Common Courtesy

Long-time friend, Teresa C., wrote to share the following:

While this seems basic to me, I’m surprised how frequently people don’t ask my permission to introduce another person to me but request my time by cc’ing the other person and assume I am willing to meet, putting me on the spot.  Additionally, it surprises me when the person making the introduction fails to tell me why it is important to them that I meet with the individual to whom they are making the introduction.  What advice do you have for me?

Oh, just reading the scenario makes me cringe… mostly because I worry that I have done this to others… even this week!  Ugh.  Apologies to anyone who I have made uncomfortable!

Let’s just put it out there:  It is rude and insensitive to be presumptuous about other people’s time.  We are all so busy – and some weeks are even more stressful than others, which are already jam-packed.  We should never, and I mean never, try to co-opt others’ schedules are assume that they have time to meet with us, let alone another person to whom we are making an introduction.

Additionally, because we are busy AND because when we are willing to meet with others we want to be helpful, if no context is provided for the meeting, we are unlikely to be prepared to assist.  It may even turn out to be a big waste of time – for both parties – if there is no sense for the purpose of the meeting.

So, a couple of bits of advice:

  1. Ask permission. Before making an introduction with the built-in presumption that the two parties should meet, ask permission of each person to ensure that they are willing and able to honor the request.  It’s just common courtesy to do so.
  2. Provide rationale. When you make an introduction between two people, make it mutual.  Give each person a brief explanation of who the other is and why they should consider finding a time to visit.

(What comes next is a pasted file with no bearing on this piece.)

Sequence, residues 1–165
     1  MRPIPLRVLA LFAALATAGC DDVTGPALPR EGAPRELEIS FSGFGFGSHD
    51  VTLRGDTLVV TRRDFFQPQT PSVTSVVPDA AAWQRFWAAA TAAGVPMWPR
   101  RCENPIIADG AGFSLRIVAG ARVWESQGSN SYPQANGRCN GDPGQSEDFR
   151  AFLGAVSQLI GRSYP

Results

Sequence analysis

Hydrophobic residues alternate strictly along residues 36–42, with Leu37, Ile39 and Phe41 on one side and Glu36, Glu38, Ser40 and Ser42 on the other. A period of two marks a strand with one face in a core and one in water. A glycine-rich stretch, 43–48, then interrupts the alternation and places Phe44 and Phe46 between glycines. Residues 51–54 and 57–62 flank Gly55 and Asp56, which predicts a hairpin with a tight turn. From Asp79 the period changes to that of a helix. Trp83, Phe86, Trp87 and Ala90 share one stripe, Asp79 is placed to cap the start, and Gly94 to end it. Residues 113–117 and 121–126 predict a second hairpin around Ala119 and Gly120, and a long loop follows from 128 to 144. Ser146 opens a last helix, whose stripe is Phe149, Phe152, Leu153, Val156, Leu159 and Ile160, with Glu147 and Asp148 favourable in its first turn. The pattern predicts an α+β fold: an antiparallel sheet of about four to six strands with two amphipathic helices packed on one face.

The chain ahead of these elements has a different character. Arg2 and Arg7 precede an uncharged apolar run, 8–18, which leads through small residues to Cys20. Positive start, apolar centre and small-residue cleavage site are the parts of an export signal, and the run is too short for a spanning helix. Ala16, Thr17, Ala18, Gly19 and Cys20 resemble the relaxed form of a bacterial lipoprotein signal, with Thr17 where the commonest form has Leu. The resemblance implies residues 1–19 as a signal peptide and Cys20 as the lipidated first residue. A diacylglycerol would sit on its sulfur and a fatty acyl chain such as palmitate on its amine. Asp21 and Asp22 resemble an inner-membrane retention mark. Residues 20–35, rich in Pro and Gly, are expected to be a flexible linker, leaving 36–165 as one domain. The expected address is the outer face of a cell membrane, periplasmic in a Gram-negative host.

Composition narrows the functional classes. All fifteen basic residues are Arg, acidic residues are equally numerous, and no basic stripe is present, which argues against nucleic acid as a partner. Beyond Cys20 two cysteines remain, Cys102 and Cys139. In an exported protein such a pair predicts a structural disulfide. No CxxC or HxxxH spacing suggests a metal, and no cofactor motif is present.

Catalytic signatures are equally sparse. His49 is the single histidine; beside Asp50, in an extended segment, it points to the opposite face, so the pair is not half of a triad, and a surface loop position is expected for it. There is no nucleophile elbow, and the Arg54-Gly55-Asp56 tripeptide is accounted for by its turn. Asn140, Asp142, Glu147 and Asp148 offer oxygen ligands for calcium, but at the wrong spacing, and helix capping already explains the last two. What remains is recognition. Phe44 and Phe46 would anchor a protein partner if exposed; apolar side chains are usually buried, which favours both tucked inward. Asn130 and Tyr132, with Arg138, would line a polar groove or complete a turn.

3. Allow for options. Instead of prescribing when and how two people should come together, after you have permission to make the introduction, encourage them to come to an understanding based on their interest and availability for when and how they will meet, if at all.
  4. Share your misgivings. If someone has put you on the spot or made an inappropriate introduction, tell him/her.  You can simply request that, in the future, they touch base with you in advance to let you know who and why they want to connect you with another person and to seek your permission before doing so.  You can explain that your time is very limited, and you prefer the option – instead of the assumption – to allow for or deny the request.

Have you been on the giving or receiving end of such a transaction?  What was your experience?  How did you handle it?  Please take a moment to share your experience with the CLC Community at

2 thoughts to “Common Courtesy”

  1. Alana – I know I’m guilty of making introductions without asking permission, but here’s my thought process on it:

    1. I try to only do it with people who I know enjoy networking and meeting new people. I would be unlikely to make an introduction to someone who doesn’t seem to have that interest.

    2. My view is that it’s an introduction, not an obligation to meet. To carry along with your suggestion – I leave it open for the participants to decide if it’s just an email exchange, a phone call or a meeting.

    3. Your point about putting context into the introduction is critical. It could be as simple as I think you all could help each other out and that you’ll enjoy meeting – but I agree that you need to supply some background for both.

    Just my $0.02 as someone who does this a lot – hopefully I’m not actively offending a bunch of people out there…

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